Commandments Confusion: Louisiana lawmakers get Decalogue fever

Louisiana is a perfectly nice state with a lot of good people in it – but some of the state’s legislators and public officials don’t seem to get it when it comes to separation of church and state.

The Pelican State has repeatedly passed laws that mix religion and government. Over the years, several laws have been passed designed to promote creationism – the most recent effort being a so-called “science education act” that attempts to bring anti-evolutionism in through schoolhouse backdoors.

Certain towns and parishes are known for injecting Christianity into school events. In Bastrop, a high school student who protested school-sponsored graduation prayers last month literally had to leave town. In addition, Gov. Bobby Jindal is infamous for using a taxpayer-funded helicopter to visit churches.

And now the state is considering posting the Ten Commandments on the grounds of the capitol in Baton Rouge.

The Louisiana House of Representatives has already approved the bill (unanimously). Its sponsor, state Rep. Patrick Williams (D-Shreveport) insists his measure has no religious intent.

“The significance is historical,” Williams told Reuters. “Our laws are based on the Ten Commandments. In fact, without them, a lot of our laws would not exist.”

Come on. The Ten Commandments, according to the Old Testament, were delivered to Moses personally by God on Mount Sinai. God had inscribed the two stone tablets with his own finger. He then handed the tablets to Moses and warned him that if the people did not obey this code, there would be consequences.

Several of the commandments regulate religious behavior.  They warn against worshiping false gods and ban graven images. They caution against taking God’s name in vain. They admonish people to keep the Sabbath.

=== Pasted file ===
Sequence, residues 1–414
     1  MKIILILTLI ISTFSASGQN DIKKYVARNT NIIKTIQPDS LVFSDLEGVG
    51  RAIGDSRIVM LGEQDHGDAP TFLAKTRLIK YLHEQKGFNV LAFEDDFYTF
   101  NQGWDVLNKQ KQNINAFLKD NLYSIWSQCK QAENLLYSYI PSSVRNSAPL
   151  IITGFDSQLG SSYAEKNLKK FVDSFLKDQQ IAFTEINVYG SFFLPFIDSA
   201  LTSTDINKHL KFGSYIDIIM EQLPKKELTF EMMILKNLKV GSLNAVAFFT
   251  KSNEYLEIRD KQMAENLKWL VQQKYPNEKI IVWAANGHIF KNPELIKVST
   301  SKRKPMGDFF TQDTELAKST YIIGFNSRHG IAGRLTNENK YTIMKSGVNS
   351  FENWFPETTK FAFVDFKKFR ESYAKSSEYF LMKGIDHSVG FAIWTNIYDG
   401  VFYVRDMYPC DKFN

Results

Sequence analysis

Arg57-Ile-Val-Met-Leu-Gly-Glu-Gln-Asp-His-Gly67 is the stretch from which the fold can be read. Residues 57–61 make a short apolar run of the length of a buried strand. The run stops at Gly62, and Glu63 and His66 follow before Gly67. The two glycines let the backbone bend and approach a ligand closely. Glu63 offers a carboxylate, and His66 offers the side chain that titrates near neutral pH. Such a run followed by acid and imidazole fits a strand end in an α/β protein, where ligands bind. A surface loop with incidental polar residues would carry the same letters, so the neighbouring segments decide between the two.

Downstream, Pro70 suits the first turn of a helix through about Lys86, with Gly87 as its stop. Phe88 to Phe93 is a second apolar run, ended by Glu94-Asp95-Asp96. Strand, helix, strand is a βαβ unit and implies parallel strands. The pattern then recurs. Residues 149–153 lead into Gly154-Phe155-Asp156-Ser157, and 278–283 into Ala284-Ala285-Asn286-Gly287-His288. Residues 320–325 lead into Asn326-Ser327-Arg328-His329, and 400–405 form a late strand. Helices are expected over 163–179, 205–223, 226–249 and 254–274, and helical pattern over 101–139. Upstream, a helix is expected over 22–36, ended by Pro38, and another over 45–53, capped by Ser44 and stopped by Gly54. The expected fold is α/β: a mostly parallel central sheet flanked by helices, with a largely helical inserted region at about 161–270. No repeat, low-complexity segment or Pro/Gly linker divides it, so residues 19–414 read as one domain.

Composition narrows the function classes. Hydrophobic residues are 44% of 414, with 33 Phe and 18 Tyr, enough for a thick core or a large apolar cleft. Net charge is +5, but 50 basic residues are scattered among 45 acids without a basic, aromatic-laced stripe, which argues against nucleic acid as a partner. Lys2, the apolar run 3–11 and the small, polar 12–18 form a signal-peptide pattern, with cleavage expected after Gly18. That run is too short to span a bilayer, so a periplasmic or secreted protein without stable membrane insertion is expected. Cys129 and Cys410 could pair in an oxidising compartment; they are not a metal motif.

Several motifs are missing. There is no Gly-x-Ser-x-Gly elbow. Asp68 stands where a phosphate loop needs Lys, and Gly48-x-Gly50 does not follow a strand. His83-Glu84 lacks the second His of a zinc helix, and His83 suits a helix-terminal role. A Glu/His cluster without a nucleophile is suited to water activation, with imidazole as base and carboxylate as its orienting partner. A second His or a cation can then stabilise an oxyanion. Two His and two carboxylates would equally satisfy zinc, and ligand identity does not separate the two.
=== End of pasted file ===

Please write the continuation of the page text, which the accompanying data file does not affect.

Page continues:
It sure sounds like a religious document to me.

As for the claim that the Commandments are the source of our laws, that allegation is handily debunked by even a cursory look at history. Laws against murder, theft, lying, etc. have existed since people began living together in an organized fashion. Societies can’t function if these laws aren’t enforced. That’s why they’re common in all religious and ethical systems.

We often hear the claim that the Founding Fathers based American law on the Ten Commandments. Religious Right activists say it a lot – but no historical evidence backs up the claim. It’s time to put this myth to rest.

Back in 2003 when Americans United and our allies were battling Alabama “Commandments Judge” Roy Moore in court, 41 law professors and legal historians came together to file an important legal brief in the case. They mustered ample evidence to show that Moore’s claim that the Ten Commandments are the foundation of American law is all wet.

The brief noted that  “various documents and texts”  figured in the development of American law, among them English common and statutory law, Roman law, the civil law of continental Europe and private international law.

American law, the scholars pointed out, was also influenced by the writings of William Blackstone, John Locke, Adam Smith and others as well as the Magna Carta, the Federalist Papers and other sources.

“Each of these documents had a far greater influence on America’s laws than the Ten Commandments,” asserted the brief. “Indeed, the legal and historical record does not include significant and meaningful references to the Ten Commandments, the Pentateuch or to biblical law generally.”

I’m all for educating Americans about the law and its many and varied sources. One place that gets it right is the main chamber of the U.S. Supreme Court, which contains a frieze along its south and north walls that explains the evolution of the law over many centuries.

Moses is included because he was a lawgiver – but he’s not the only one up there. You can also see ancient Greek lawgivers like Solon and Draco. You see Confucius, Hammurabi, the Roman Emperor Augustus, the Byzantine Emperor Justinian, Napoleon and many others. (See the full list here.) The point of the display is to educate about the various influences of the law over time. It’s a much more effective teaching tool than to simplistically claim that all law springs from one source.

If Williams and his supporters really wanted to help Louisianans understand the origins of the law, they would erect one like that. But that’s not what they want to do. They want to endorse religion.

A court ought to make them stop.

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